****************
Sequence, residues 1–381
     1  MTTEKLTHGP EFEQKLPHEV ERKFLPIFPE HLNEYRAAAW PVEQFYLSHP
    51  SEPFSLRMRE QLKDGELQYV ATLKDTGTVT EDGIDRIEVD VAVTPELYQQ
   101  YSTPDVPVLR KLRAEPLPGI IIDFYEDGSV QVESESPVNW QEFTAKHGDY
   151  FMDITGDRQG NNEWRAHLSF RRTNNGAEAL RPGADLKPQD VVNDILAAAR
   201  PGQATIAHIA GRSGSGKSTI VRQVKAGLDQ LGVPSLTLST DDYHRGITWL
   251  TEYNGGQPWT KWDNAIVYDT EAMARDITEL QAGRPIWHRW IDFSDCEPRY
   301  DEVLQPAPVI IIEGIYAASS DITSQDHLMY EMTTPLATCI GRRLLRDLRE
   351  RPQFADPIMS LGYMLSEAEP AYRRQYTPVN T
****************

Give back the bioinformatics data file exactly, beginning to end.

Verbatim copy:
Sequence, residues 1–381
     1  MTTEKLTHGP EFEQKLPHEV ERKFLPIFPE HLNEYRAAAW PVEQFYLSHP
    51  SEPFSLRMRE QLKDGELQYV ATLKDTGTVT EDGIDRIEVD VAVTPELYQQ
   101  YSTPDVPVLR KLRAEPLPGI IIDFYEDGSV QVESESPVNW QEFTAKHGDY
   151  FMDITGDRQG NNEWRAHLSF RRTNNGAEAL RPGADLKPQD VVNDILAAAR
   201  PGQATIAHIA GRSGSGKSTI VRQVKAGLDQ LGVPSLTLST DDYHRGITWL
   251  TEYNGGQPWT KWDNAIVYDT EAMARDITEL QAGRPIWHRW IDFSDCEPRY
   301  DEVLQPAPVI IIEGIYAASS DITSQDHLMY EMTTPLATCI GRRLLRDLRE
   351  RPQFADPIMS LGYMLSEAEP AYRRQYTPVN T